We examined global DNA methylation changes during cortical development in response to maternal smoking by calculating differentially methylated probes (DMPs) between early and late second-trimester samples in each exposure group (methods). We identified 574/371 hyper/hypomethylated DMPs (Additional file 4: Table S2) in unexposed samples and 399/178 hyper/hypomethylated DMPs (Additional file 4: Table S3) in exposed samples (Fig. 3a). Unsupervised hierarchical clustering of both hypomethylated and hypermethylated DMPs separated samples by gestational age (Fig. 3a). More DMPs were found between early and late second-trimester unexposed samples than between smoking-exposed samples. Notably, a higher proportion of these DMPs were hypermethylated in the unexposed (64%) compared to exposed samples (44%). Hypomethylation is a feature of pluripotent/multipotent stem cells and as cells differentiate, the acquisition of DNA methylation restricts cell lineage and drives cell specification . We postulated that reduced hypermethylated DMPs in smoking-exposed samples could reflect alterations or delay in cell-type specification occurring in the developing cortices in response to smoking exposure. Gene ontology analysis implicated canonical pathways of “Role of NFAT in Cardiac Hypertrophy,” “Th2 Pathway” and “Th1 and Th2 Activation Pathway” associated with genes annotated to DMPs between early and late second-trimester unexposed fetal samples (Additional file 4: Table S4). NFAT is a transcription factor that mediates axon growth in developing neurons (reviewed in ). Conversely, canonical pathways associated with genes annotated to DMPs between early and late second-trimester exposed fetal samples implicated “T Helper Cell Differentiation,” “Epithelial Adherens Junction Signaling” and “Factors Promoting Cardiogenesis in Vertebrates” (Additional file 4: Table S4).
Our cortical plate sectioning of the presumptive DLPFC aimed to enrich for post-migratory NeuN+ neurons (Fig. 3b). Other investigators have established cell deconvolution algorithms with remarkable accuracy in estimating NeuN+ proportions of whole brain tissues using DNA methylation profiles [51, 60]. Using the DNA methylation profiles generated from the fetal cortices, we were able to estimate the cell proportions (CP estimates) of NeuN+, NeuN− and neural precursor cells (NPCs) within the fetal DLPFC sections (“Methods” section). CP estimates revealed our fetal cortical sections contained a high proportion of NPCs (mean = 16%) compared to CP estimates of NPCs of cortical sections (postnatal 4–10 months) produced by the BrainSpan consortium (mean = 7%) [50, 53, 57] (Fig. 3c). These NPCs are presumably undergoing maturation, and thus, our sections provide a rare window into the effects of maternal smoking exposure on neuro-cellular development.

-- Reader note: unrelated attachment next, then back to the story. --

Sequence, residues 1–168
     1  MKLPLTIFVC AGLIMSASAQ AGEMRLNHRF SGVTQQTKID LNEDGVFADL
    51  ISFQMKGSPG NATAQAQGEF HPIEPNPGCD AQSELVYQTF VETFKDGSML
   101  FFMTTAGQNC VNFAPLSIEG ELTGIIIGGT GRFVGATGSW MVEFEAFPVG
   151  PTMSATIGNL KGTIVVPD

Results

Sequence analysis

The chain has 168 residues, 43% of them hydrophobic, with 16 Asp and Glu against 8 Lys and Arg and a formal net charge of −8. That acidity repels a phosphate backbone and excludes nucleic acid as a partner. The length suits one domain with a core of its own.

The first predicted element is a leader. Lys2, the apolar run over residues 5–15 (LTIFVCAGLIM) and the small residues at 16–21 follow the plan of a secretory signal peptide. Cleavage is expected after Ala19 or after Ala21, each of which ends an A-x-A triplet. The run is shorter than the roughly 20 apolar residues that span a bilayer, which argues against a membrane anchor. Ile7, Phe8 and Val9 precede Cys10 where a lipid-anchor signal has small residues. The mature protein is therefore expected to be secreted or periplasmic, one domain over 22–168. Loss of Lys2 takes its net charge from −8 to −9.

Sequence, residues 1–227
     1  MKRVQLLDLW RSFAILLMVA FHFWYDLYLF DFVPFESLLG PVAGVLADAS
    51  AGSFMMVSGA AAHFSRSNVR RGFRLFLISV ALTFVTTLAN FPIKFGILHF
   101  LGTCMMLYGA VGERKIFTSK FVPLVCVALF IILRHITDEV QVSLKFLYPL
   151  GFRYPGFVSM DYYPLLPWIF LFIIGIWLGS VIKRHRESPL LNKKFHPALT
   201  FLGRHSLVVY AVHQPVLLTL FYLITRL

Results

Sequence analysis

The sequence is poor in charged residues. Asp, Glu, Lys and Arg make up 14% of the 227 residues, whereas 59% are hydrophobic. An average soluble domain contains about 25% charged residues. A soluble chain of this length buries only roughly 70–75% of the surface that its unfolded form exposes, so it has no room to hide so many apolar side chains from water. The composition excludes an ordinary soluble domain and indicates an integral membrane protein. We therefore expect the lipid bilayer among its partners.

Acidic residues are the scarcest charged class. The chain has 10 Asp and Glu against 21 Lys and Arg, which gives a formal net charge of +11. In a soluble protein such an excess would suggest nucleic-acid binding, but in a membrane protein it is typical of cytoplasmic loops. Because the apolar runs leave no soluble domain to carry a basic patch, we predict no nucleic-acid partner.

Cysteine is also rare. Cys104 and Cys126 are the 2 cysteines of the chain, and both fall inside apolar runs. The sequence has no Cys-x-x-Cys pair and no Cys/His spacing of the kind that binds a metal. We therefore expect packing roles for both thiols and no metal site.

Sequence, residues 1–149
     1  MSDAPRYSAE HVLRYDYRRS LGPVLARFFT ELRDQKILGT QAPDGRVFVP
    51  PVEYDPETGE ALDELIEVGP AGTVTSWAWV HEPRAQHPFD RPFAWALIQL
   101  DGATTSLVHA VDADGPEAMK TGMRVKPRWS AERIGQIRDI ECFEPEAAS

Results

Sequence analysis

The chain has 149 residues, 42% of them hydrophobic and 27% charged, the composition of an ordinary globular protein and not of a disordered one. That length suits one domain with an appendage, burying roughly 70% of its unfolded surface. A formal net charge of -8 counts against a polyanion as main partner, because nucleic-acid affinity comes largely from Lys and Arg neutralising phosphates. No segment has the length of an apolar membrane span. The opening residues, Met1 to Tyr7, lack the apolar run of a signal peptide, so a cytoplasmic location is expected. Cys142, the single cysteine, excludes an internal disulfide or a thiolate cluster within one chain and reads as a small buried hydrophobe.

CP estimates of fetal DLPFC revealed significantly fewer NeuN+ in smoking-exposed fetal DLPFC (p value = 0.04, Fig. 4). Any decrease in CP estimate will be balanced by an increase in the proportion of another cellular population, and indeed, we observed a higher proportion of NeuN− in smoking-exposed fetal samples (p value = 0.08, Fig. 4). No difference in NPC proportions was observed between smoking exposure groups (Fig. 4). The results indicate that tobacco exposure is associated with a reduction in NeuN+ in the developing DLPFC. Using ReFACTor  method that adjusts for the possible effect of variation in cell-type proportions, we found no difference in methylation associated with smoking exposure or developmental stage interaction. The methylation change associated with smoking exposure reflects differences in rate of cell differentiation during development as observed by the estimated CP changes. To investigate the mechanism of nicotine exposure on neuron development, we turned to an in vitro model of development.